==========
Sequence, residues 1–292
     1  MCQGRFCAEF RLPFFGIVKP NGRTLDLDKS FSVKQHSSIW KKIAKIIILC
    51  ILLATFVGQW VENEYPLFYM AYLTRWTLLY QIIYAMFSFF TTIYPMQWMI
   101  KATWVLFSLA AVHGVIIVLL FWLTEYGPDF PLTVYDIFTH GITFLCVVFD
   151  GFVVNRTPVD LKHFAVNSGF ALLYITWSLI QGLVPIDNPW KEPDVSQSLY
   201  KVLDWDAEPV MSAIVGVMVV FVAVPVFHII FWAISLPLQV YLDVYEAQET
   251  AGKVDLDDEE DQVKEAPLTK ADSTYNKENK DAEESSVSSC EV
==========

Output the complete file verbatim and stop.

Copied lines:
Sequence, residues 1–292
     1  MCQGRFCAEF RLPFFGIVKP NGRTLDLDKS FSVKQHSSIW KKIAKIIILC
    51  ILLATFVGQW VENEYPLFYM AYLTRWTLLY QIIYAMFSFF TTIYPMQWMI
   101  KATWVLFSLA AVHGVIIVLL FWLTEYGPDF PLTVYDIFTH GITFLCVVFD
   151  GFVVNRTPVD LKHFAVNSGF ALLYITWSLI QGLVPIDNPW KEPDVSQSLY
   201  KVLDWDAEPV MSAIVGVMVV FVAVPVFHII FWAISLPLQV YLDVYEAQET
   251  AGKVDLDDEE DQVKEAPLTK ADSTYNKENK DAEESSVSSC EV